Austin Stone Community Church has put out an Advent eBook for families that can be used in conjunction with the Jesus Storybook Bible. Check it out here.
Andrew Hughes | Category: Culture
A while back, I ran across this article in Bloomberg Businessweek which discussed “the case for Christmas self-control.” One of the paragraphs particularly stuck out to me:
Andrew Hughes | Category: Resources
I recently contacted Barbara Reaoch, mother of Pastor Ben, and asked whether she would be able to answer a few questions about her family devotional, Why Christmas?, for the Advent season and she graciously took time to answer these questions below.
If you are looking for a good family devotional resource this Christmas, consider purchasing Why Christmas?
The publisher describes the book in the following way:
Why do we celebrate Christmas? Most children do not know the true answer to that question or why God sent Jesus to live on earth. Why Christmas? is a helpful daily devotional with Scripture reading, memory verse, Christmas carol and questions to direct your child’s heart towards God. The readings, which begin on the first day of December, are Biblical, short, and effective. Colorful illustrations illuminate the events of the incarnation. This book will provide parents with the assistance they desire for leading their child to the Christ of Christmas.
Andrew Hughes | Category: Worldview
Here in Pittsburgh, it is snowing today.
Creation is always intended to point beyond itself to the One who stands behind. Thus, we are to study it, observe it, and reflect upon it -- as it points to the Creator.
Laura Miller | Category: Children's Sunday School
The Christmas countdown has begun and we’ve gotten only to post #2 of recommended gifts that will reinforce the teaching your children are hearing in the Sunday School classes and in church (see post #1 here).
It’s been a tradition in our household to slip a wrapped DVD under the tree as a gift “to the family”. Sometimes it’s the latest Pixar creation or Wallace and Gromit hilarity (yes, still). But sometimes we’ve really scored with great Christian videos for the family to enjoy and be edified and strengthened in the faith while viewing.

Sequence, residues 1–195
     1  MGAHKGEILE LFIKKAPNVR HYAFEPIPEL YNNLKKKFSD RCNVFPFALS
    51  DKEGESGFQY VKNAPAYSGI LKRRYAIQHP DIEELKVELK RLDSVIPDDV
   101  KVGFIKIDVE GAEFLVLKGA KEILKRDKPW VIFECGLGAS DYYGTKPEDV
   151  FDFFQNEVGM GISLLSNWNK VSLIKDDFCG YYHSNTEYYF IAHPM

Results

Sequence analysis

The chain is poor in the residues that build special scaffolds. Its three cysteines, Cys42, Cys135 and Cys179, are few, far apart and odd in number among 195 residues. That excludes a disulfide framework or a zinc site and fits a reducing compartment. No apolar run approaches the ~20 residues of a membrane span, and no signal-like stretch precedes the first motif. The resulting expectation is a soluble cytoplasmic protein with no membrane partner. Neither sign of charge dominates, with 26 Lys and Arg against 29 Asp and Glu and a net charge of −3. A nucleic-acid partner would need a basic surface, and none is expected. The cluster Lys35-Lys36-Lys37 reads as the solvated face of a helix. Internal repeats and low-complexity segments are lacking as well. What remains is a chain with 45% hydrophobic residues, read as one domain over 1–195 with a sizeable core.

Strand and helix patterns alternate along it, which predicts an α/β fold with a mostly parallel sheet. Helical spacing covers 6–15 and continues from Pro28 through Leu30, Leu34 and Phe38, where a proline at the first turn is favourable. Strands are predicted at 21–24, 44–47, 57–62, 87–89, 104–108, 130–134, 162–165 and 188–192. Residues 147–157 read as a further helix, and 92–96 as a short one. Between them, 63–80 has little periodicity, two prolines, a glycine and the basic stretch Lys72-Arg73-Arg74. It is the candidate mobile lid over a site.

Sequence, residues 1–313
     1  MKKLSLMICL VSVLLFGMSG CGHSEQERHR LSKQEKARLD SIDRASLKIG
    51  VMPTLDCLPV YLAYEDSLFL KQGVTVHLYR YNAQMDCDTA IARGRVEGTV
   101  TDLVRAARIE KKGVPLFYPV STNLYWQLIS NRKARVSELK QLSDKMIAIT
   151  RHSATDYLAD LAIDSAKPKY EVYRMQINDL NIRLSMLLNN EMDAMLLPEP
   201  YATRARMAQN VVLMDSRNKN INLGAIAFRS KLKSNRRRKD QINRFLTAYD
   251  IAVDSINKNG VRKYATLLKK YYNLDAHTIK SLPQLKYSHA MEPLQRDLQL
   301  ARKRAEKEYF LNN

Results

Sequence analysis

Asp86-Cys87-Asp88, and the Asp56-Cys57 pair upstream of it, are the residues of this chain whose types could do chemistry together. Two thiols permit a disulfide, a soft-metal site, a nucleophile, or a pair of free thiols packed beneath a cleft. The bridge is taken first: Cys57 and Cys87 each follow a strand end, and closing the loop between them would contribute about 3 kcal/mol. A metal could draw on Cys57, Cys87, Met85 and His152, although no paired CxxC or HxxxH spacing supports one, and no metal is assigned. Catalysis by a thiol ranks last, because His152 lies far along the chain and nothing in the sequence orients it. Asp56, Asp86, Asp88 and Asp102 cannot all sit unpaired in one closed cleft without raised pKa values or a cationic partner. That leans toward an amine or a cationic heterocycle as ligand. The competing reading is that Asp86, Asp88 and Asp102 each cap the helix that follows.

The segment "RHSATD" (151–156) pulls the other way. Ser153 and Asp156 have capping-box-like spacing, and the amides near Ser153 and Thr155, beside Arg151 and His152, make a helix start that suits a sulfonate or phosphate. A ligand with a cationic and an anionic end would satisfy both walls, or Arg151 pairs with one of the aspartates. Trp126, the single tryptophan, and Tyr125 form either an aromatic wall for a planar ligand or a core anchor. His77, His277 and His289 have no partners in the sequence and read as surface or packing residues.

Get John Piper's Advent devotional for free here in ebook form.
Andrew Hughes | Category: Theology for Life
In his book, What Did You Expect?, Paul Tripp discusses how we can often use the Bible unbiblically when it comes to the topic of marriage. This is great application to many other topics in Scripture other than marriage as well:
"Part of the problem is the way we use Scripture. We mistakenly treat the Bible as if it were arranged by topic -- you know, the world's best compendium of human problems and divine solutions. So when we're thinking about marriage, we run to all the marriage passages. But the Bible isn't an encyclopedia; it is a story, the great origin-to-destiny story of redemption. In fact, it is more than a story. It is a theologically annotated story. It is a story with God's notes. This means that we cannot understand what the Bible has to say about marriage by looking only at the marriage passages, because there is a vast amount of biblical information about marriage not found in the marriage passages.
Jamen Walker | Category: Library Resources
My book review for this month is Nine Marks of a Healthy Church by Mark Dever. Dever is the senior pastor of Capitol Hill Baptist Church located in Washington, D. C. He is a clear writer who is passionate about his subject. Dever, in a letter to a friend, wrote some tips on what to look for in a good church, which became the framework for what eventually became this book.
What many people look for in a church is not what we should be looking for when we seek a like-minded group of Christians to worship, commune with, and serve God. Many look to aesthetic items such as size of the building, adequate parking, padded seats and air conditioning. Some are more concerned with the number of people that attend or if the church has a warm, friendly environment. A few may only attend if the church runs a good budget or has strong leadership in the church government. Some of the items mentioned may have some weight of significance, however, not in the way we think they may. Dever cuts through all of the fluff and gives us the most basic, bare bones minimum as to what we need in our church. He outlines nine essentials: expositional preaching, a biblical theology, the gospel, a biblical understanding of conversion, evangelism, and church membership, biblical church discipline, a concern for discipleship and growth, and biblical church leadership. I would like to spend some time on about half of these attributes and how they apply at Three Rivers Grace Church.
Ben Reaoch | Category: The Church Community; Announcements
“Do nothing from selfish ambition or conceit, but in humility count others more significant than yourselves. Let each of you look not only to his own interests, but also to the interests of others.” (Philippians 2:3–4)
There are endless applications to these verses. In a marriage relationship, husband and wife should be thinking of one another. In families, each person ought to be looking out for the needs of others in the family. In the workplace, in the neighborhood, at school, in traffic, in the grocery store . . . there are ways to be putting the needs of others before our own needs.